The Swedish Institute announced, Oct. 12, that Chinese novelist and playwright Gao Xingjian has won the 2000 Nobel Prize for Literature. Though specifically lauded for his novels, “Soul Mountain” and “One Man’s Bible,” Gao [sic] (Chinese names put the surname first) is also praised for the fact that his political play, Fugitives, “irritated the democracy movement just as much as those in power.”
The Academy’s release also goes on to stress the significance of “non naturalistic trends in Western drama” on the playwright’s style, with Gao himself citing Antonin Artaud, Bertolt Brecht, Samuel Beckett and Tadeusz Kantor as influences. Gao’s brand of “Chinese oral theatre” takes elements from masked drama, dance, shadow plays, singing and percussion performance.
As the Academy put it, “[Gao] has embraced the possibility of moving freely in time and space on the stage with the help of one single word or gesture — as in Chinese opera. The uninhibited mutations and grotesque symbolic language of dreams interrupt the distinct images of contemporary humanity. Erotic themes give his texts feverish excitement...” Gao is also praised for his ability to depict women with as much complexity as he does men.
Born Jan. 4, 1940 in Ganzhou to a bank official and an amateur actress, Gao was educated in the People’s Republic public schools and received a degree in French from the Department of Foreign Languages in Beijing. During the so-called Cultural Revolution, where he was sent to a “re education camp,” Gao was compelled to burn a suitcase full of his manuscripts. Nevertheless, by 1979 he was traveling abroad and publishing essays, short stories and plays (“Collected Plays” was released in 1985). In 1981, he wrote a book examining modern fiction; six years later he published “In Search of a Modern Form of Dramatic Representation.” In the interim, such plays as Signal Alarm and the absurdist Bus Stop were staged at the Theatre of Popular Art in Beijing. According to Gao’s official bio, Bus Stop “was condemned during the campaign against `intellectual pollution’ (described by one eminent member of the party as the most pernicious piece of writing since the foundation of the People’s Republic).” Xingjian’s 1986 play, The Wild Shore, was banned, and he left China for France the following year as a political refugee. Fugitives was inspired by the 1989 Massacre in Tiannamen Square, which led the Chinese government to declare Gao as persona non grata in his homeland.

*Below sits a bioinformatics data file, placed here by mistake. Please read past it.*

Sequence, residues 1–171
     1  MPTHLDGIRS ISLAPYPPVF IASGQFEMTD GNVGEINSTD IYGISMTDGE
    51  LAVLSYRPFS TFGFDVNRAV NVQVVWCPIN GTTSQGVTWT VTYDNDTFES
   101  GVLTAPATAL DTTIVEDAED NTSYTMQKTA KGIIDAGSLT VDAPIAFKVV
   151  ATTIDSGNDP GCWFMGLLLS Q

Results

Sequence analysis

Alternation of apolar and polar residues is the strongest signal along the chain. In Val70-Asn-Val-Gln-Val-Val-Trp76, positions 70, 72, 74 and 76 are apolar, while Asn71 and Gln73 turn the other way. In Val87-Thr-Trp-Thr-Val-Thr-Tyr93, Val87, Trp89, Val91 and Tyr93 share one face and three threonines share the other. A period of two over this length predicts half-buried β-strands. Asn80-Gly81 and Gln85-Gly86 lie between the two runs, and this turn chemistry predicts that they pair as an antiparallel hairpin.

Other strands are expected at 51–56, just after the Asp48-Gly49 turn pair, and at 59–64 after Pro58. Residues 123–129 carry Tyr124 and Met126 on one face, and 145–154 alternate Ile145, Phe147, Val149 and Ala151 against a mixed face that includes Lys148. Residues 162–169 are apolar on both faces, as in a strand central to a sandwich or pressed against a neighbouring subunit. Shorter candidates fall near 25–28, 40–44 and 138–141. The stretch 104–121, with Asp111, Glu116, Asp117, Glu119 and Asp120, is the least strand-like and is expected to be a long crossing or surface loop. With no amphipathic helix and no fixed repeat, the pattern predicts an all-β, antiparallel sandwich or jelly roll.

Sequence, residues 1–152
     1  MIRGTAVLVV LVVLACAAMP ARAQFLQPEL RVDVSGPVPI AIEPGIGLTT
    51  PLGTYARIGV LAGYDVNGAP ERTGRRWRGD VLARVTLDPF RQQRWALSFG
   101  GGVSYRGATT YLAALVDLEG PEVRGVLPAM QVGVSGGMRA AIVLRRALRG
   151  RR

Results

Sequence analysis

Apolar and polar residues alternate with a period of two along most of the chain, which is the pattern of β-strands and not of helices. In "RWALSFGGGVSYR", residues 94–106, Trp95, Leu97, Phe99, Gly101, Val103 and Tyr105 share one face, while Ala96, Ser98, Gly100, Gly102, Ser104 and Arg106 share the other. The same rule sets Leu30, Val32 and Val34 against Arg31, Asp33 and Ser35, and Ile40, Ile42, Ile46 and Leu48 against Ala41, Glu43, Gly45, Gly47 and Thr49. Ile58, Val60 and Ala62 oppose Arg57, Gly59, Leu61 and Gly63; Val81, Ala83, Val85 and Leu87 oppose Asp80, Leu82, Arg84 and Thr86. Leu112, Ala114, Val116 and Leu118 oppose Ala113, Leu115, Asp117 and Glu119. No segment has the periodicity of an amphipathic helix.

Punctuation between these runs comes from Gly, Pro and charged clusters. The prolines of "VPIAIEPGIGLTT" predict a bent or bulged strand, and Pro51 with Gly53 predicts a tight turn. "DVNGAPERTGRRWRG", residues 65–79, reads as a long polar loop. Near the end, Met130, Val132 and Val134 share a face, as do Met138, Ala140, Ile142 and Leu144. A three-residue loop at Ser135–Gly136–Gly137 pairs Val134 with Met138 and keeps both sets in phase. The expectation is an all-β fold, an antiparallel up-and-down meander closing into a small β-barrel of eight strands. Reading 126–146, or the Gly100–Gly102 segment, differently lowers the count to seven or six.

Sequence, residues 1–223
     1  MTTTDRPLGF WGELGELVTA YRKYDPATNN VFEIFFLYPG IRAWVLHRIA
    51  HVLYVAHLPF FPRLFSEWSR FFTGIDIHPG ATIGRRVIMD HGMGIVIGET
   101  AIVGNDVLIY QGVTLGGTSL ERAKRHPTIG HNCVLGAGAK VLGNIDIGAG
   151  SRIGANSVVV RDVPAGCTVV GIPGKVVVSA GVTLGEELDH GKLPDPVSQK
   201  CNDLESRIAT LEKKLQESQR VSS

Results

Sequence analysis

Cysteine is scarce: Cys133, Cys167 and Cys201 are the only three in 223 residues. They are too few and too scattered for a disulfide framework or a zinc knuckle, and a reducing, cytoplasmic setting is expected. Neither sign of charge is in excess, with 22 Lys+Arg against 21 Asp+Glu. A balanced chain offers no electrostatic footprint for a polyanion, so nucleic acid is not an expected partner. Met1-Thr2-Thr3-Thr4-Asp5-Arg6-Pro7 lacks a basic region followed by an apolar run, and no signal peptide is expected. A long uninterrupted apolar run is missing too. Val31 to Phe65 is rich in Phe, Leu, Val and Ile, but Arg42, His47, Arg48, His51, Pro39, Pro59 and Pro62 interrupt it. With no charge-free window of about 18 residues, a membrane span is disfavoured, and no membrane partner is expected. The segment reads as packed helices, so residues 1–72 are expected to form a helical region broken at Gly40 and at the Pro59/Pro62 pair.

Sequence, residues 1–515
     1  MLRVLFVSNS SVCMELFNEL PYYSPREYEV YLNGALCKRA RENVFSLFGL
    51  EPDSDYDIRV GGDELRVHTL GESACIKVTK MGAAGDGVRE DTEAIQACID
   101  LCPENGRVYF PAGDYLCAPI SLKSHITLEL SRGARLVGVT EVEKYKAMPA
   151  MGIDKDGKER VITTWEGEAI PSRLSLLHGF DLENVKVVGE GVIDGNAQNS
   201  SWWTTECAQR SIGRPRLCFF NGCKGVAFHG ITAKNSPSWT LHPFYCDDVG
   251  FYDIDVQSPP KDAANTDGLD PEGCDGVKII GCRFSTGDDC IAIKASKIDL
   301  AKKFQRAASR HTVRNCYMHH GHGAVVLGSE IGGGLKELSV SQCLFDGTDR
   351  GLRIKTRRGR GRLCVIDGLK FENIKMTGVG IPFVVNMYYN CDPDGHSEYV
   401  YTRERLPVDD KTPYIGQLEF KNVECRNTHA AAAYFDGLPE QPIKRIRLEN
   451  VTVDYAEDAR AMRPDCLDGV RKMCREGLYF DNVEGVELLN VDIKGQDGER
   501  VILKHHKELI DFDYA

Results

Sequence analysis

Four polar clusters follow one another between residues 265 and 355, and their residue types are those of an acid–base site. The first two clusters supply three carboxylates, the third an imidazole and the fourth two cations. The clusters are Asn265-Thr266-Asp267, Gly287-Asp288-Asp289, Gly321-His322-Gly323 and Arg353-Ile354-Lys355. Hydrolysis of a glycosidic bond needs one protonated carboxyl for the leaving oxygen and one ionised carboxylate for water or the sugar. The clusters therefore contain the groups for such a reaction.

No doubt, Gao came to the attention of the Swedish Academy because his plays (Summer Rain in Peking and Fugitives) have been performed at the Royal Dramatic Theatre in Stockholm. The author playwright was also honored by the French with the title of Chevalier de l'Ordere des Artes et des Lettres, and his drawings have been exhibited in Europe and America -- as well as on the covers of his books. -- By David Lefkowitz